CSS

How to use CSS3 animation

In CSS3 we have two ways of creating animations: We have CSS Transitions that allow us to create some simple effects for things like hover; and we also have CSS Animations for more complicated effects. We can in fact create pretty much any animation we want using pure CSS and since it works with keyframes it uses a system we are already used to seeing in software like After Effects and Flash. In this article I’ll get you through the basics of animating with vanilla CSS.

Browser support

CSS Animations are a somewhat advanced use for CSS and for something like that we can say that it has a pretty good browser support: it’s supported by all major browsers in their current version, in fact when it comes to desktop browsers the only one you need to be concerned about is Internet Explorer.

When it comes to mobile browsers it’s supported by all of them except Opera Mini, so everyone using Chrome Mobile, Firefox , or Safari can watch the CSS animations no problem.

The syntax

As I said before, CSS Animations work using keyframes. To have only two stages of animation we use the from and to keywords like so:

@keyframes moving{
   from {
      left: 100px
   }
   to {
      left: 300px;
   }
}

All this animation will do is move the element 200px to the right once the page loads. The moving keyword placed after keyframes is the name of our animation, we give it a name so that later we can reference it when applying it to an element. If we want to create more keyframes we can do so by using percentages.:

@keyframes moving{
   from {
      left: 100px
   }
  25% {
     top: 300px;
  }
  75% {
     top: 100px;
  }
   to {
      left: 300px;
   }
}

Using this idea you can create as many keyframes as you want and make it as complicated as you wish by changing other aspects in the element like the width or color.

Since this a new CSS3 addition we will need to add the vendor prefixes, in this case we will need the -webkit- and -moz- prefix and with them our code will look like this:

@keyframes moving{
   from {
      left: 100px
   }
  25% {
     top: 300px;
  }
  75% {
     top: 100px;
  }
   to {
      left: 300px;
   }
}
@-webkit-keyframes moving{
   from {
      left: 100px
   }
  25% {
     top: 300px;
  }
  75% {
     top: 100px;
  }
   to {
      left: 300px;
   }
}
@-moz-keyframes moving{
   from {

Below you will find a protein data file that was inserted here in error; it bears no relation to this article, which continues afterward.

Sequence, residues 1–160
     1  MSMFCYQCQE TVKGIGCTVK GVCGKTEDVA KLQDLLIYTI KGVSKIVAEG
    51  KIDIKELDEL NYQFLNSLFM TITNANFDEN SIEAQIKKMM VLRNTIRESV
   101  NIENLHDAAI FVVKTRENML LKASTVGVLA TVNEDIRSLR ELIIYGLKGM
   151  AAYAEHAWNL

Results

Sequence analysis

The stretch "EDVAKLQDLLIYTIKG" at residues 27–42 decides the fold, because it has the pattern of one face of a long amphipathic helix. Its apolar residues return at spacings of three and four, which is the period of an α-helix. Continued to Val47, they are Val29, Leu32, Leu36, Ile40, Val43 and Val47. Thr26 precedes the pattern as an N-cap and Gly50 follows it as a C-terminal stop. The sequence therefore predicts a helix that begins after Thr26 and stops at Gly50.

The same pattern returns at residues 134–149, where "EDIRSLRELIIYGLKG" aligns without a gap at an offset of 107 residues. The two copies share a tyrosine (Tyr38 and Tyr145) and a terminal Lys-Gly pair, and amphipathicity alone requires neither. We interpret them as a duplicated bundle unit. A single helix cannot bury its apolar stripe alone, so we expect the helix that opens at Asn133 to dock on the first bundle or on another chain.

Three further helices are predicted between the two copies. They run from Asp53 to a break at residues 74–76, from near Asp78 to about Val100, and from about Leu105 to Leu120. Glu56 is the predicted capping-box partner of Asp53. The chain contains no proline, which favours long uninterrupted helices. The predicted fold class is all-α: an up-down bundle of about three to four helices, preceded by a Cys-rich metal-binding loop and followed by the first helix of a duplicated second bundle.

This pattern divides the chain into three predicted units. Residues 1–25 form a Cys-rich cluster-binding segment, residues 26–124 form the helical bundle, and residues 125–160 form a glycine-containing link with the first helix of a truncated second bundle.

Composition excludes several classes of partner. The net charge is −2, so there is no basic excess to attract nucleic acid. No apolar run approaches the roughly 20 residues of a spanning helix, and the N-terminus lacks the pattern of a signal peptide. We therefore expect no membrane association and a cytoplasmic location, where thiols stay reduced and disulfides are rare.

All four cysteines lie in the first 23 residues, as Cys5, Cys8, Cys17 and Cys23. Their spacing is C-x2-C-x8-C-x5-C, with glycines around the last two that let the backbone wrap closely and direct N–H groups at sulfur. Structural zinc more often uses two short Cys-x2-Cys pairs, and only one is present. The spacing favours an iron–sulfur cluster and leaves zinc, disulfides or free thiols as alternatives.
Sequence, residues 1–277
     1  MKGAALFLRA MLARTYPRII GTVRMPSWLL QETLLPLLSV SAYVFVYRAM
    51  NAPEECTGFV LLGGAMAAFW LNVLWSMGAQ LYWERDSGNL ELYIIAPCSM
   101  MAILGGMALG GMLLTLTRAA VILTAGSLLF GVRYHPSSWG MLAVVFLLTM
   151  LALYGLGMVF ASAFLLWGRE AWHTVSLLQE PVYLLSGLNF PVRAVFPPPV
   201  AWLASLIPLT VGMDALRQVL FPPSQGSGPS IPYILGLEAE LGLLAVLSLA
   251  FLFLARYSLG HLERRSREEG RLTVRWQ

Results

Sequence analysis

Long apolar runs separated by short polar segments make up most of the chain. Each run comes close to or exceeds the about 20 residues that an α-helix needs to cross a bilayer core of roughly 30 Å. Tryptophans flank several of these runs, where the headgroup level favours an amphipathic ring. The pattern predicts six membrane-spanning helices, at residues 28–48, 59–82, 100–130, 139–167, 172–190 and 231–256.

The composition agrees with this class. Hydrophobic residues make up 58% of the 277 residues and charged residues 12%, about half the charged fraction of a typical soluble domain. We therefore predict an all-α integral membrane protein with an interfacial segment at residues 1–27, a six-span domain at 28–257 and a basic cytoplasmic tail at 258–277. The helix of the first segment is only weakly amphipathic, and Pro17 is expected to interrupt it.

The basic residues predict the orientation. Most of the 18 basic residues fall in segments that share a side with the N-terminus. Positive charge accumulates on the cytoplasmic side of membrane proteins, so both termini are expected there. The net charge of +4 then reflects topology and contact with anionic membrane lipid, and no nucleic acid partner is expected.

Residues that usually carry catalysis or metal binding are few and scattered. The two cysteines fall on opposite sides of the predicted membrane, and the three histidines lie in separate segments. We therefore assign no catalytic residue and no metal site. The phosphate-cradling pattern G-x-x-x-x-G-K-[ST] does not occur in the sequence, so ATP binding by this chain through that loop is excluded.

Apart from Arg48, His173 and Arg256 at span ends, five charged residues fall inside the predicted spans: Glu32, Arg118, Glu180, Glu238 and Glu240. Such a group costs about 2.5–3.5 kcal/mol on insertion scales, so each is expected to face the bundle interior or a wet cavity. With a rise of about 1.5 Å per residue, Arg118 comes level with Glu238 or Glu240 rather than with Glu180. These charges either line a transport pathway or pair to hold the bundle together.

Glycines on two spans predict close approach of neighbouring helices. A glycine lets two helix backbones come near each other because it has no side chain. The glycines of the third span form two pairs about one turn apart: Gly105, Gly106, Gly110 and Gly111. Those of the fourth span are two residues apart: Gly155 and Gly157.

left: 100px
   }
  25% {
     top: 300px;
  }
  75% {
     top: 100px;
  }
   to {
      left: 300px;
   }
}

Applying the animation

Our animation is now defined but if you load the page nothing happens, and that is because we need to hook our animation to an element. For that I’ll create a simple div then assign an animation as well as specifying a duration:

.animate {
  animation-name: moving;
  animation-duration: 500ms;
}

With these two properties, our animation is functional, but you may notice it has two major problems; it starts as soon as the page loads, and it also only runs once. In order to fix these two issues we need the animation-delay property and the animation-iteration-count property. In the first I’ll set the delay to 1500ms and in the second I’ll make the animation run forever by using infinite as the value:

.animate {
  animation-name: moving;
  animation-duration: 500ms;
  animation-delay: 1500ms;
  animation-iteration-count: infinite;
}

To improve this further we can use the animation-timing-function to use easing like ease-in, ease-out , ease-in-out , linear and so forth or we can even create our own using cubic-bezier. We also need to use the animation-direction to alternate the animation so that it plays in one direction, then reverses, then repeats:

.animate {
  animation-name: moving;
  animation-duration: 500ms;
  animation-delay: 1500ms;
  animation-iteration-count: infinite;
  animation-direction: alternate;
  animation-timing-function: ease-in;
}

Conclusion

This is just the beginning of what you can do with animation in CSS, there is a world of possibilities. Even though this is a very powerful tool you shouldn’t forget that it’s not supported in IE9 and below and because of that you should be very careful when using it and think about how important that bit of animation will be in your project.

Sara Vieira is a freelance Web Designer and Developer with a passion for HTML5/CSS3 and jQuery. You can follow her on twitter or check out her website. More articles by Sara Vieira
  • androctonvs

    Nice article 🙂 Seems simpler than I thought.

  • Thanks for this article. I’m surprised by how easy these are to use.

    I had to add vendor prefixes to the animation-* properties as well. You can see my final product on CodePen.

  • Thank to share useful code for css3 building strategy. These codes are really working as milestone for modern web development.

  • Nandu H

    For the new reader she missed important point to add as position:relative for the .animation class. Pls add this to see the effect.

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